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« Reply #5 on: January 16, 2006, 05:31:07 PM »

The above posts were split from [Pentarch] Boffer LARP design. The discussion is welcome to continue here.

Everyone, please attend to the site rules sticky posts at the top of the Site Discussion forum. They include some unusual rules for participation here.

Also, Jake, please, never apologize to me as moderator. That's actually contrary to some important social rules here - think about it as if you'd committed a minor traffic infraction and the cop is ticketing you or helping you out. You wouldn't apologize to him, and if you did, he would not accept it.

Best,
Ron
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TheTris
Member

Posts: 68


« Reply #6 on: January 17, 2006, 01:39:25 AM »

A couple of things:

It doesn't sound like a golden cow at all.  I found your explanation very convincing - it sounds like you've thought about it even if you hadn't thought about thinking about it. :-)  Keeping a sense of excitement and fear about combat, and helping suspend disbelief are very good reasons to use a boffer system, imo.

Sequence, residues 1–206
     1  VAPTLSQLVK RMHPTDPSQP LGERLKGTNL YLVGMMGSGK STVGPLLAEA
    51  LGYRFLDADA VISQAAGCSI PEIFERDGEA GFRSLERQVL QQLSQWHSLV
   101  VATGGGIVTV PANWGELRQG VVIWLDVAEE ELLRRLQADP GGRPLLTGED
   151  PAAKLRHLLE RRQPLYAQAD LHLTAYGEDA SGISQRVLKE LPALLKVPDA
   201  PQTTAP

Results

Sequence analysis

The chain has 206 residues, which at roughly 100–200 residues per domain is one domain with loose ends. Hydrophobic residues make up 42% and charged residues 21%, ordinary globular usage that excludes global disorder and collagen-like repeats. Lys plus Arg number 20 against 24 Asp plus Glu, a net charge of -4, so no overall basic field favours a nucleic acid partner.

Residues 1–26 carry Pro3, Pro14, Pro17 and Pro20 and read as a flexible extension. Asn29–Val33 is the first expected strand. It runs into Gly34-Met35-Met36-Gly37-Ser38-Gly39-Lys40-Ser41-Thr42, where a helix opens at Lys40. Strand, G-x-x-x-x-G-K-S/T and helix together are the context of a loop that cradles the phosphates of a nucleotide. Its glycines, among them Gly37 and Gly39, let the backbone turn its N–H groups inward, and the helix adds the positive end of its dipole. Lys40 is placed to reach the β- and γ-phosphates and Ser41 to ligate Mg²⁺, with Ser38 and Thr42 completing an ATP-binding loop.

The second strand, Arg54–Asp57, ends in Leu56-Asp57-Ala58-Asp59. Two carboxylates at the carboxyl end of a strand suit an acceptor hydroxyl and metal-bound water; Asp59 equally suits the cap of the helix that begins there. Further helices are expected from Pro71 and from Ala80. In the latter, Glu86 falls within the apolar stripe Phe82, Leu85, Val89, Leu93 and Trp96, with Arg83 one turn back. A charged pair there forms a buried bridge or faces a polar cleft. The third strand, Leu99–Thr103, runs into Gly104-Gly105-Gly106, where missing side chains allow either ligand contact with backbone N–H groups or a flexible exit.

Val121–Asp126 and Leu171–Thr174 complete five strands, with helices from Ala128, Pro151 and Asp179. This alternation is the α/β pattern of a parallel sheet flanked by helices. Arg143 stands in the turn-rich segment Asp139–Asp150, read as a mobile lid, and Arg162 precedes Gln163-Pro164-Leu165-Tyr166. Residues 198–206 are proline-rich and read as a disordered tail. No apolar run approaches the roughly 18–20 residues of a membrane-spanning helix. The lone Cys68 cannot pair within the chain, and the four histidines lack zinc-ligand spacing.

The "If a player can do it, why use rules" argument is a little difficult, because it does limit what characters a guy can roleplay.  If I'm rubbish with a boffer but great at electronics, and you have electrician rules but allow player ability in combat, I can't play a good fighter, and my natural ability at fixing up electronic stuff is useless.

Finally I also find PvP an enjoyable part of LARP, but I'd suggest that many LARPs are to some extent incoherent.  They require you to play a character and to try to outdo the other players.  In my experience it's hard to do these two things at the same time.  If I always do exactly as my character would, there is no PvP game.  If I always do what's best in PvP terms, why bother pretending I have a character?  I don't know how to reduce the clash between these two objectives, but it strikes me it would be good design to do so.